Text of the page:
Build Your Confidence to Land Copywriting Clients
Are you thrilled by the idea of starting a freelance writing business, but also nervous about going after your first client?
What will you say? How do you go about it?
What if you don’t feel ready?
Whew, take a deep breath and remind yourself that you’re not the first person to feel this way.
I bet almost 100% of up-and-coming writers felt like this before they started …
I know I did.
I had no idea what to do.
I knew I needed to find clients, but I didn’t know how to go about that. I didn’t know what to say, how to establish a working agreement, invoicing, and all the rest.
Plus, it was winter in Pennsylvania.
Snow, grey skies. I’d lost my job at the tail end of the recession and spent that winter in my bedroom at a tiny desk trying to figure out how to make it all work.
My “lightbulb” moment came from a webinar between Rebecca Matter and Nick Usborne. They were talking about offering social media for local businesses and I realized that was right in my wheelhouse.
So, I printed up some business cards and attended local networking events. Talking with other business owners helped me discover what they needed and cared about, which helped me craft my introduction to other business owners and land my first clients.
It was real-time learning and great training.
These days, I make the bulk of my income through blogging for clients all over the world and I live in sunny Mexico, but it never would have happened if I hadn’t “felt the fear and done it anyway” as the expression goes.
You can too.
Done is Better Than Perfect, as Sheryl Sandberg says.
This quote sums up so much when it comes to launching or growing your business. You’re not going to feel like you have “all your ducks in a row.” You’re not going to feel ready.
And it’s totally natural because you haven’t done it before.
Like many of you, I’d harbored a “freelance writer” fantasy for years. It took a job loss to turn it into reality.
One of the ways I got out of my comfort zone was by latching onto something I felt comfortable with and that was how to use social media. I could see myself talking with business owners about how to use it which gave me the confidence to start a conversation with potential clients.
Here’s an exercise you might find helpful.
Use Your Imagination
If you find client prospecting intimidating, it’s only because it’s new to you. You may have no idea what to say. That’s okay. Fortunately, you can use your imagination to help you.
This is a simple, yet powerful exercise.
Close your eyes and imagine yourself working with your first client. Imagine you’ve just delivered your work and they tell you they love it. And they hand you a check for your professional fee.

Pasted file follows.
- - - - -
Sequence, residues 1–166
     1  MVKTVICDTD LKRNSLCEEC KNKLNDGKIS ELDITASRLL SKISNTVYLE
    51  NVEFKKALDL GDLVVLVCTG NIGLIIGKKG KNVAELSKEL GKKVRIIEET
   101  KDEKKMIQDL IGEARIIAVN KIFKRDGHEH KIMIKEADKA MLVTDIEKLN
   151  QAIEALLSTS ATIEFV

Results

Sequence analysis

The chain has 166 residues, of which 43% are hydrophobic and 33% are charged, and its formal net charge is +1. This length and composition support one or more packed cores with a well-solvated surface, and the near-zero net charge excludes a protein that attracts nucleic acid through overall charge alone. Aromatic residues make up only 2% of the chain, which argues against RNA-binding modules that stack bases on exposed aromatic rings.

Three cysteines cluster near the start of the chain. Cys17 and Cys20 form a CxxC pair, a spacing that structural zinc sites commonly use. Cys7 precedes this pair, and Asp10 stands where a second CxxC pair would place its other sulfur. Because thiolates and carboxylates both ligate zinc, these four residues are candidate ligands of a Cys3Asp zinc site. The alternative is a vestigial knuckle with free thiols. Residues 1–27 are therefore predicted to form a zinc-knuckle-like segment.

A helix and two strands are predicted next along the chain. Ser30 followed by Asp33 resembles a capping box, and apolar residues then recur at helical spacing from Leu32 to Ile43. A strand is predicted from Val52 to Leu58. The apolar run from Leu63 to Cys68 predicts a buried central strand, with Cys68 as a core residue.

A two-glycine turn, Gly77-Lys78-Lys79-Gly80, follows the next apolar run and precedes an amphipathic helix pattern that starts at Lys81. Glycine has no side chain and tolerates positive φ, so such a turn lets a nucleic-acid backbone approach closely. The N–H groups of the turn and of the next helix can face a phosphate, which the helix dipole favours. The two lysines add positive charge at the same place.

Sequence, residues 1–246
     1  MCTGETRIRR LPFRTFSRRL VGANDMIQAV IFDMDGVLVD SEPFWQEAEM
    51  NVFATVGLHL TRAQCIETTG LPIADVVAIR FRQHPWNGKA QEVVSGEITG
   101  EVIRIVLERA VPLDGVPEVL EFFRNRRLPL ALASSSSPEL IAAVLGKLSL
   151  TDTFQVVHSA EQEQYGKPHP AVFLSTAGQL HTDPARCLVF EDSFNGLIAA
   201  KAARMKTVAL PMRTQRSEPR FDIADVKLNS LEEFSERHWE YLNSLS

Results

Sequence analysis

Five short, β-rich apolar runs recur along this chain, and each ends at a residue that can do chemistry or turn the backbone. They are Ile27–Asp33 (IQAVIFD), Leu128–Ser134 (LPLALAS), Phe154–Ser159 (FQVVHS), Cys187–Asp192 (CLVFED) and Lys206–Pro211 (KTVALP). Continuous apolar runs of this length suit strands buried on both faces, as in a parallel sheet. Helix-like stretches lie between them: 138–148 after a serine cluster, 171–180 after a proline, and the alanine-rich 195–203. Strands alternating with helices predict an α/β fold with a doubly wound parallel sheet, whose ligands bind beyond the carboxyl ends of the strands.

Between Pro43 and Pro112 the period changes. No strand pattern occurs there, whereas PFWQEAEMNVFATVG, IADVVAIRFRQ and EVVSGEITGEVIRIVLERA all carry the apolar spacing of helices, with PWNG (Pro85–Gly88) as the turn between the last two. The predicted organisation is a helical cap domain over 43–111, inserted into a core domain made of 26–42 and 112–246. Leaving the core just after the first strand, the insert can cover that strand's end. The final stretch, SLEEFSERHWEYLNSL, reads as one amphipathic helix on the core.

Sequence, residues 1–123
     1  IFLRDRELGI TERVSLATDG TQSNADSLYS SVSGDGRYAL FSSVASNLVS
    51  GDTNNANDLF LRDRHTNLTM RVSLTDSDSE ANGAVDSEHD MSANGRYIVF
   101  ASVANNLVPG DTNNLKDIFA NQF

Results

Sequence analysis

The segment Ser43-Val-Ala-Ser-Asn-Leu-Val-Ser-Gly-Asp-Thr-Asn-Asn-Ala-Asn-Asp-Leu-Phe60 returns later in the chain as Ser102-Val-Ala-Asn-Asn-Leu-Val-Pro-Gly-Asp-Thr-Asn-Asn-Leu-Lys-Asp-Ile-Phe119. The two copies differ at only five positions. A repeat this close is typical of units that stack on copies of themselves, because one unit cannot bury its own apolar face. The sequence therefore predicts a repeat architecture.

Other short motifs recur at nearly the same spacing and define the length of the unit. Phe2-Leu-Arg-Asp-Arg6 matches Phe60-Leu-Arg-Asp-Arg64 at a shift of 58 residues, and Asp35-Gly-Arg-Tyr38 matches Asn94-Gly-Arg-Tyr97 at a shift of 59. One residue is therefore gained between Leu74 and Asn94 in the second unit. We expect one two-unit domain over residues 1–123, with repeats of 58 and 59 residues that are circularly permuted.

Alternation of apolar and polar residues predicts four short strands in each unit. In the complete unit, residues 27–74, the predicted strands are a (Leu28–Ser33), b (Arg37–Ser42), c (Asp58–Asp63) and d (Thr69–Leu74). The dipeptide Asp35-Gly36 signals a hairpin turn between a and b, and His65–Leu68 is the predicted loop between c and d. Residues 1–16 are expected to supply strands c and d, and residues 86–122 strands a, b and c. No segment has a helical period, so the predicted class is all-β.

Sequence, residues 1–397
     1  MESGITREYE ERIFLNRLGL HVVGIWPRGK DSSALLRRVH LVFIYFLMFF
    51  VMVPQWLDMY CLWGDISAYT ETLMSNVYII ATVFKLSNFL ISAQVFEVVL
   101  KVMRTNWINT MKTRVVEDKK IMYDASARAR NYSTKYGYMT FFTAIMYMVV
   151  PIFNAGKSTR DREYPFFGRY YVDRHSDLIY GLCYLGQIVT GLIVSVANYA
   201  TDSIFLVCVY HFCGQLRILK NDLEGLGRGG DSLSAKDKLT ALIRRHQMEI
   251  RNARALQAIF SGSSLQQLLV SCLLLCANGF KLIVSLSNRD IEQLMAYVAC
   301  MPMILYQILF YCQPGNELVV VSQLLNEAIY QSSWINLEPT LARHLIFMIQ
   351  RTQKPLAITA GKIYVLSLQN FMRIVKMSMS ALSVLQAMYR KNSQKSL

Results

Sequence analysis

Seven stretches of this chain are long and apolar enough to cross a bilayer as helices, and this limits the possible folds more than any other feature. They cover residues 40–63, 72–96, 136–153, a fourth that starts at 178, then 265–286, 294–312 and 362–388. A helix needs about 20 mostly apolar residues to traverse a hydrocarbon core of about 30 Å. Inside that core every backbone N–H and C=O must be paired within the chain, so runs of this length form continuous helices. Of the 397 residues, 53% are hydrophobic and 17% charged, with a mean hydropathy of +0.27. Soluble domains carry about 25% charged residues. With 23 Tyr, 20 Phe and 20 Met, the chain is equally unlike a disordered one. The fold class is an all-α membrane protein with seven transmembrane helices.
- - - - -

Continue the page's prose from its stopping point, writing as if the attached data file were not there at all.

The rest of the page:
How do you feel? Pretty good, right?
What did you deliver? A case study? A web page? What was it exactly?
What type of client is it? Is it a neighbor who runs a local law firm? Is it a marketing department for a manufacturing plant? A content manager at an ad agency?
Remember, this is your imagination at play. If you feel yourself getting anxious about any aspect of it, just breathe and remind yourself it’s your fantasy and you’re allowed to create your own scenarios.
As Henry David Thoreau says, “Go confidently in the direction of your dreams, and live the life you have imagined.”
It’s common for that little voice in your head to say unhelpful things like, “What if it goes wrong, what if she hates it, what if you don’t know how to do it, what if …”
You get the picture. Each time one of these “what if’s” raises its ugly head, you can say, “Thank you, I appreciate you trying to keep me safe but I’m exploring other possibilities.”
Basically, with a little practice, you can learn to control the “what if” monster in your head.
In your imaginary scenario, be as detailed as you can be. That way, it will seem more “real.” If you have a friend or spouse who’s willing to role-play with you, that’s a great opportunity.
Here’s an example, you can pretend you’re meeting this potential prospect at an event … maybe even pretend you were introduced by a mutual acquaintance who said you’re a B2B copywriter.
You: “Hi Potential Prospect, it’s so nice to meet you.”
Potential Prospect: “Hi Jane, we’re looking for another B2B writer at our agency. Do you have a card? What type of projects do you typically work on?”
This happens all the time. It doesn’t always turn into work, but it does offer a great opportunity to rehearse your response. When you practice such scenarios, you can develop a script for yourself and practice it so you feel more confident and it becomes a little more real to you.
Do this enough in your head and practice in real-life situations and soon you’ll be able to say with confidence, “I run a freelance writing business.” And one day, you’ll land a client who can’t wait to work with you.
Why not try it this exercise this week? Share in the comments if you’re excited to try this visualization technique.
The Professional Writers’ Alliance
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